For the second year running I attended BSides Manchester conference, held at the Manchester Metropolitan University Business School on Thursday 16th August. This is a technical cybersecurity conference that is organised by a dedicated team of volunteers. I was really impressed by last years conference so was really keen on attending this year.
After collecting a decent amount of swap I attended the first talk of the day, which was Joe Gardener with his talk Tricking binary trees: the (in)security of machine learning. Joe looked at machine learning security systems in use and how it was possible to 'poison' them using different techniques. The ultimate aim here was to show how they could be bypassed and then how to protect against that kind of attacks. The talk was full of lots of theory and was well organised to disseminate the sometimes complex information.
Next up was Welcome home: Internet open telemetry, with Martin Hron. This talk looked primarily at Internet of Things (IoT) devices and the MQTT protocol that can be used to report and control those devices. Martin went from showing how MQTT could be used to automate a home and then went onto show how poorly these systems are secured on the internet. In fact, Martin showed a few examples of data that he had captured from systems that people were using. One example was where he captured the GPS information from a person's phone that was synchronised back to a MQTT dashboard and showed them travelling around an area on a map for a period of a few days. Matin finished by showing an example of MQTT dashboards that can be easily found on the internet and demonstrated what kind of things people left exposed. Through this he was able to turn people's lights on and off, play music, see if doors were open, and even view security camera footage. Scary stuff, and I was amazed how easy it was to find these completely unsecured dashboards.
After a quick coffee break I went to see Chris Boys talk about The Digital Entropy of Death. Chris talked about what companies are doing about their users who have either died or become incapacitated. Previously, many companies did nothing and as such many accounts were hacked. This made it seem like dead people were suddenly becoming active again, which was quite distressing for people. More recently, many companies have created the concept of inactive accounts where users can't log in but their accounts remain present on the internet. This talk also looked at the wider concept of digital rot where websites, pictures and links were going missing without warning.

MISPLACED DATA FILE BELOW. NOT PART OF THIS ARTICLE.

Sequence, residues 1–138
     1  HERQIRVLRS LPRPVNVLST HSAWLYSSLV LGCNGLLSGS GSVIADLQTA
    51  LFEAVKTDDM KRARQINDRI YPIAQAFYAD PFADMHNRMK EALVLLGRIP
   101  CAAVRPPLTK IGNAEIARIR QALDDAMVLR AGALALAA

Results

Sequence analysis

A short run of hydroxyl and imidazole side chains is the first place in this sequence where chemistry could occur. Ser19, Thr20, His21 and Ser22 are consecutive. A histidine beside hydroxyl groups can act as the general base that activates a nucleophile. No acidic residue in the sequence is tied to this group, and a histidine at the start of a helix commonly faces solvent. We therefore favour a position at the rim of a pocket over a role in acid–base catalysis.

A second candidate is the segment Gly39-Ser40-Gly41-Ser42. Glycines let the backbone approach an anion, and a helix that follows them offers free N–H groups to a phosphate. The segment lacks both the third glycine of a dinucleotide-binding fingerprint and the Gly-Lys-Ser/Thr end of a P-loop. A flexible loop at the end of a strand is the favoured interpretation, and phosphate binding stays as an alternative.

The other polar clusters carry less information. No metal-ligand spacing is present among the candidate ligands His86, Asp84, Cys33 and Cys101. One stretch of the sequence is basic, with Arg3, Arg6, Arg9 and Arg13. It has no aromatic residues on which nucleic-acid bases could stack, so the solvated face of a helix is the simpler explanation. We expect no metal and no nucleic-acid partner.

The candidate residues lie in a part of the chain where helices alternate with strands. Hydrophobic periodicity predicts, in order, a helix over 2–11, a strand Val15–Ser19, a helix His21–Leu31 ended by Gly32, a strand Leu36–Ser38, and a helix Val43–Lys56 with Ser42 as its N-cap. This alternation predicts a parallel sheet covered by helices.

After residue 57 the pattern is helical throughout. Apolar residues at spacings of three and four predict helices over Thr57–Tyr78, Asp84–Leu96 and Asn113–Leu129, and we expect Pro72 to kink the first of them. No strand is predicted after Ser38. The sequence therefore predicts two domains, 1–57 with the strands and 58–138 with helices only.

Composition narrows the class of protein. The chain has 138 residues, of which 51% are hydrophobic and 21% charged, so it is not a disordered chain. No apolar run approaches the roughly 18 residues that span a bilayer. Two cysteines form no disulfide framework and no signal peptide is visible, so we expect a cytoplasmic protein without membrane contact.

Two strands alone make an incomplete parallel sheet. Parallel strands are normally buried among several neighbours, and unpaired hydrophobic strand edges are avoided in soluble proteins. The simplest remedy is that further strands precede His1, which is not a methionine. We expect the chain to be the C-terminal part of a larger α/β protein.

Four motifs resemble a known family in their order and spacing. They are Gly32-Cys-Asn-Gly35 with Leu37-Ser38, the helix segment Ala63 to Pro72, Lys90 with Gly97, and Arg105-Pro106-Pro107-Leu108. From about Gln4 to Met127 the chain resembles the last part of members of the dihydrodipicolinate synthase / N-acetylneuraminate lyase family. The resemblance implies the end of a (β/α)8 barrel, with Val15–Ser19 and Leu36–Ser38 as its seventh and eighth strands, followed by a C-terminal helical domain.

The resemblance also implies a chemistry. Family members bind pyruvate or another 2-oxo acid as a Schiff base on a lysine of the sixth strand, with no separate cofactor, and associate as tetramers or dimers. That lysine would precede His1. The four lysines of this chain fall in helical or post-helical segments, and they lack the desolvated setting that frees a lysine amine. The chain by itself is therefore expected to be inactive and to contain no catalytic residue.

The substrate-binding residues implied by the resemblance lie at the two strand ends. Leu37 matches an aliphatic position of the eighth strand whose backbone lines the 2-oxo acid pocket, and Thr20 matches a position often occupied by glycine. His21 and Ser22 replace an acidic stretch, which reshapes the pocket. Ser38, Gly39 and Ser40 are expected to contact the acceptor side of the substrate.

After lunch I then went to see It's a PHP unserialization vulnerability Jim, but not as we know it, with Sam Thomas. Looking mainly at PHP Phar files, this was an investigation and demonstration of how they can be used to deliver code into vulnerable systems. Sam demonstrated that he could create a polyglot file containing a jpeg header and a Phar payload and use this to execute PHP code on a number of different PHP based CMS systems.
I then went to see Burp Replicator: automate reproduction of complex vulnerabilities, with Paul Johnston. Burp Replicator is an extension for Burp Suite that allows security consultants to send vulnerabilities to developers so that they can test the same situation to ensure that the exploit is fixed. Once fixed the replicator tool shows the status of the vulnerability and allows security consultants to re-test the mitigation. Paul unfortunately had a bunch of technical issues during the talk, but was able to show off the tool enough that everyone understood what was going on.
The penultimate talk of the day was with James Kettle, who talked about Practical web cache poisoning: redefining "unexploitable". James showed how he had started on the idea of trying to poison cache systems by throwing random headers at websites. He demonstrated that sites were using these headers and altering the page to include information form those headers. This wasn't a problem until the cache layer got involved and cached the altered response. Sites like RedHat and Unity 3D were vulnerable to the attack and he was able to inject code into them using just headers and have them cached for other users to pick up. He then started talking about a header called X-Original-URL, which I thought was a little familiar. James then went onto show a vulnerability that he found in Drupal that I had been working a couple of weeks ago to patch. The attack was caused by the Drupal internal caches being poisoned using this X-Original-URL header and external cache systems exposing that poisoned cache. He finished up by saying the best defence against this situation was to not use cache systems, although did say that this was impossible for most sites. Ultimately, cache poisoning is not theoretical and frameworks can often hide lethal breaches that can be difficult to spot as cache systems can hide this. After the talk I went up and thanked James for his efforts surrounding the Drupal security patch.
The final talk of the day was Incident response for dummies from Julian Pileggi. Detailing what to do with a system after an attack has been noticed including some do's and don'ts regarding investigations into said attacks. Julian then went into investigating an attack on a Windows machine, which was really interesting but not really useful from my perspective having not used Windows for at least 6 years.
Overall, a really good conference that has left me thinking about some important subjects. Videos for all the talks are available from the BSides Website so I will be catching up on some of the talks that I didn't get to see this year. I'm looking forward to next year's conference already!